Missed Communication: Cessnas Collide, Part 2

Credit: National Transportation Safety Board

Editor's Note: This is the second of two parts analyzing the accident involving a Cessna 150 that collided with a Citation CJ4 on landing. The investigation and conclusions continue below. 

The pilot of the Citation had flown for the airplane’s owner, Avis Industrial Corp., for 37 years. He was 70 years old and reported having 35,437 total flight hrs, of which 2,537 were in the Citation.

He held an Airline Transport Pilot certificate and a flight instructor’s certificate, and he had a second class medical certificate that required him to use corrective lenses. In an interview, he said he heard no one make any radio calls on UNICOM and he could not recall doing so either. He said his landing lights were on, but not his pulse lights.

The eight-year-old Citation was equipped with an autopilot, an angle of attack indicator, a stall warning system, a data recorder, electronic displays, flight bag and ADS-B. The ADS-B provided onboard weather and satellite tracking.

The pilot said he selected terrain and traffic information at a 10-mile scale on the copilot’s display but left his primary display on a 50-mile scale. During the accident approach, he did not remember seeing any traffic on the copilot’s display but he was mostly looking outside. 

Interestingly, the pilot of the jet had flown with the other accident pilot about six weeks before the accident in that pilot’s Cessna 150. The 31-year-old private pilot had recently purchased the airplane and wanted to get some dual instruction in it. He had logged most of his 71.9 flight hrs. in a Cessna 172.

The Citation pilot reported that the private pilot flew very well and that his airplane was equipped with a transponder. He could not say for sure if the transponder worked.

None of the four passengers on board the jet saw the other plane. Three people in the airport lobby witnessed the collision.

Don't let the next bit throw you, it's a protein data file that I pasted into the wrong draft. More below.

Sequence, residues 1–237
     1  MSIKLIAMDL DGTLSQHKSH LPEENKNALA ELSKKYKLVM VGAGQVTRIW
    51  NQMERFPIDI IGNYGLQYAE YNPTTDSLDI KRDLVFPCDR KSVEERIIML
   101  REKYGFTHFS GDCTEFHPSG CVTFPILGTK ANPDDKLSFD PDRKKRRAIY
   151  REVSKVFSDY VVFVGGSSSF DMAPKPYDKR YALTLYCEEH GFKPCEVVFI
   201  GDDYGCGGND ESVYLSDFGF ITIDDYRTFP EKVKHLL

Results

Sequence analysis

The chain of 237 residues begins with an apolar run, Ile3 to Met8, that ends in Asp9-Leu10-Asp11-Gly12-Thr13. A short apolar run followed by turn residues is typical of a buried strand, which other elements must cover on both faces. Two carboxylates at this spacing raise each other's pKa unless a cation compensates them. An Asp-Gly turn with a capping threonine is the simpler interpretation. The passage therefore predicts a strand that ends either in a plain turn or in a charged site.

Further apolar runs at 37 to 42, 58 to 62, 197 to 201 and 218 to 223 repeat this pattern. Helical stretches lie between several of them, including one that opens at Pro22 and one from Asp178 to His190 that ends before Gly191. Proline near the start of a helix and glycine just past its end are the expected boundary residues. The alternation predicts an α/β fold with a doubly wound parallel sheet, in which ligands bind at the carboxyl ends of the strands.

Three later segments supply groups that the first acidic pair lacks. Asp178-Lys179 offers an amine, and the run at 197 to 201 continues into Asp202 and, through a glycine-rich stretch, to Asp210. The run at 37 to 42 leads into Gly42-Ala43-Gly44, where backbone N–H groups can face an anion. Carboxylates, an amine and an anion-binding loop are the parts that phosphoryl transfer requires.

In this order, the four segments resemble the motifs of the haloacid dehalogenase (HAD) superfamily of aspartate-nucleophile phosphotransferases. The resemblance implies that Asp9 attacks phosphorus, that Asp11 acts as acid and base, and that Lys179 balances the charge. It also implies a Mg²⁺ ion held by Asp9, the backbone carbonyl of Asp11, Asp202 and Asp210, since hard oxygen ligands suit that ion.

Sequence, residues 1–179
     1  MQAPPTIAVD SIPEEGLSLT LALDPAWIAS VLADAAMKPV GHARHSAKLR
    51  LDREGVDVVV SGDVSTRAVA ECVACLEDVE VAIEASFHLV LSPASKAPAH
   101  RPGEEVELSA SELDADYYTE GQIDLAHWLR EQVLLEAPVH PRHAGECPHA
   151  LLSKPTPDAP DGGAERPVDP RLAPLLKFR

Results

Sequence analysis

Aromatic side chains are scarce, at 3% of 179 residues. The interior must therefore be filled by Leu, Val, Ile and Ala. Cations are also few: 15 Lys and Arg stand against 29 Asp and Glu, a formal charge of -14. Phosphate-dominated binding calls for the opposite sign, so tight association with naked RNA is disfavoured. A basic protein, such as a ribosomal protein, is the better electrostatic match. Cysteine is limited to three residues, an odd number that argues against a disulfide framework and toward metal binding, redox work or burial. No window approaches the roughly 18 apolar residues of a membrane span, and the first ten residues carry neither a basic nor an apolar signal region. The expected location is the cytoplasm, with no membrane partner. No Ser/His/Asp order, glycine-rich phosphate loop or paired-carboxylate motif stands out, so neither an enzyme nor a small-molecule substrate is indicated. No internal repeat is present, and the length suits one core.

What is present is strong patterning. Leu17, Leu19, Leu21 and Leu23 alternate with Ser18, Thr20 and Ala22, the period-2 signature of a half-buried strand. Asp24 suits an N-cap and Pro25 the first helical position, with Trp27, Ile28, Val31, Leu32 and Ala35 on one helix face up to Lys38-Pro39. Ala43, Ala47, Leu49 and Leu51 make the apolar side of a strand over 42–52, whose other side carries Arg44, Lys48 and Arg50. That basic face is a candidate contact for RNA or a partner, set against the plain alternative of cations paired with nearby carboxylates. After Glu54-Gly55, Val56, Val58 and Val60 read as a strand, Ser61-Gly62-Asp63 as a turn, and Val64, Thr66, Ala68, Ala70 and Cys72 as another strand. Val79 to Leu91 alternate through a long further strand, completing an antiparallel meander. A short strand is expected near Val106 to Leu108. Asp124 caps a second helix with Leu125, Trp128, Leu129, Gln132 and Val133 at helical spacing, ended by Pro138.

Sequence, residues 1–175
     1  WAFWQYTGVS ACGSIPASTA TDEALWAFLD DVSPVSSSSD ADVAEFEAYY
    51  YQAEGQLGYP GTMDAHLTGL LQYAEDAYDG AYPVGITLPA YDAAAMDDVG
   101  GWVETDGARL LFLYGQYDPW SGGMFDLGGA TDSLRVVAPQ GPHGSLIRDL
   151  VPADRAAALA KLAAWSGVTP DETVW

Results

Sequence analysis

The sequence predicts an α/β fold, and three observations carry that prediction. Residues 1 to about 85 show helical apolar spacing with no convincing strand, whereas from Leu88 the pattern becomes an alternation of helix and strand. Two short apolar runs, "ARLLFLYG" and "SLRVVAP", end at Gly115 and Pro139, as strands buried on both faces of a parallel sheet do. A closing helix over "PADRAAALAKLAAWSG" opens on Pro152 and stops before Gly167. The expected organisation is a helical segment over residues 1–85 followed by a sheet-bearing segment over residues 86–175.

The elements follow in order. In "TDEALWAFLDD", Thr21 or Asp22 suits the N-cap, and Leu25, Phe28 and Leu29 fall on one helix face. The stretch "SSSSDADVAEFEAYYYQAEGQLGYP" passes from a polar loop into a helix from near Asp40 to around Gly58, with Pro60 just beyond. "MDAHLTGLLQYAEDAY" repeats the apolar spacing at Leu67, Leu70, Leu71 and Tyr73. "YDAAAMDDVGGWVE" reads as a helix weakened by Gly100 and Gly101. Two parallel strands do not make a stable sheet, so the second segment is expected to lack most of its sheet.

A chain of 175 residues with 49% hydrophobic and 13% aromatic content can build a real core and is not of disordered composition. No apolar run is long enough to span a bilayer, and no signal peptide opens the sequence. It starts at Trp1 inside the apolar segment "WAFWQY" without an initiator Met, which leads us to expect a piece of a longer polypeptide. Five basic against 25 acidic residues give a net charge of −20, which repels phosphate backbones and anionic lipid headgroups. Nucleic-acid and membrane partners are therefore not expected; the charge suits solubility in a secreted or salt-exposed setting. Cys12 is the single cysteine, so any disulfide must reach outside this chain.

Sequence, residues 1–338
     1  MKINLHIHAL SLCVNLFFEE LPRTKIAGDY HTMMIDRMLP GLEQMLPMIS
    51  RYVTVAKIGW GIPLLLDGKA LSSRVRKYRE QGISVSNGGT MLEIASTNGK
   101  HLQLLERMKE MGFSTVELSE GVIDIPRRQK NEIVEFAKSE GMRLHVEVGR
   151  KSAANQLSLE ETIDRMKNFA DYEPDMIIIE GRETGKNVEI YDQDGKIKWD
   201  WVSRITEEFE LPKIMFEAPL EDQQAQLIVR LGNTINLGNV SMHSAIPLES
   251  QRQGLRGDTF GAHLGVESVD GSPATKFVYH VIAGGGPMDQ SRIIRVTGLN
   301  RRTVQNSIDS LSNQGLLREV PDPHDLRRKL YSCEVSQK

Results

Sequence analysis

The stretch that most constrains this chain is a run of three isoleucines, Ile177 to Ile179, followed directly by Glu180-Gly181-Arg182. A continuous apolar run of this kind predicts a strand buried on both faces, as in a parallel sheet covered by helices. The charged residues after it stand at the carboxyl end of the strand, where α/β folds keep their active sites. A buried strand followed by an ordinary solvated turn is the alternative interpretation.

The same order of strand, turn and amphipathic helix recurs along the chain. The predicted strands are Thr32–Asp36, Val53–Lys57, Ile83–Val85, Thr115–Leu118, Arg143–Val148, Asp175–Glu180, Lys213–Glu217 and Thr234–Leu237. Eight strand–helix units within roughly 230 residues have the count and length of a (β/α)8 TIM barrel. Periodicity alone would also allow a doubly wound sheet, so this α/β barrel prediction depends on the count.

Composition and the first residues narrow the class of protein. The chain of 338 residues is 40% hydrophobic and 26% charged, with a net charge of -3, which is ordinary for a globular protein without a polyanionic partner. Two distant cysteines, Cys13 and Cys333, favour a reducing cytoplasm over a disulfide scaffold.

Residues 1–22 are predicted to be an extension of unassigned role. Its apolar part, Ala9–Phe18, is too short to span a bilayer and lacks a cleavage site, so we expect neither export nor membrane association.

The UNICOM radio was turned on and working, and the airport manager said he saw the Cessna 150 taxiing out and heard him call for back taxi on 122.7.

“The next thing I saw was the Citation landing. I got up and remembered the 150 back taxiing, saw the 150 rolling on takeoff. I couldn’t believe what I was seeing. I started heading toward the radio to warn somebody...but it felt like slow motion, it happened too quickly,” he said.

He went on: “I saw the Citation after touch down, saw the 150 take off, pull up, and for a split second thought it was going to miss, but saw it clip the tail and hit.” Regarding safety concerns, he said “I don’t feel like it was anything other than the worst possible timing. We have planes in and out of here without radios. I don’t know what could have been done differently.”

One person said he heard the Citation pilot make an announcement on short final. However, no transmission was recorded on the cockpit voice recorder (CVR). The last transmission from the jet was at 1707 when the pilot canceled his IFR clearance.

Both airplanes were painted white. In daytime hazy conditions, the white paint may have reduced the pilots’ ability to see each other because of a lack of visual contrast against the background.


Based on the length of time it would have taken the 150 pilot to back taxi, turn around, and commence takeoff, I think he made his UNICOM announcement before the pilot of the Citation had switched to that frequency.